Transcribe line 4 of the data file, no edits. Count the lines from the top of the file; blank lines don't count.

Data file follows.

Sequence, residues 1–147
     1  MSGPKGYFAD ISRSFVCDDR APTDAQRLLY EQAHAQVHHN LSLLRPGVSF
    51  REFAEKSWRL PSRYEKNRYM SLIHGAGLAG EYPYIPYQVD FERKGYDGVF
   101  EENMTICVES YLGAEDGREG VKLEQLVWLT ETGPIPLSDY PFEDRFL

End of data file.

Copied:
   101  EENMTICVES YLGAEDGREG VKLEQLVWLT ETGPIPLSDY PFEDRFL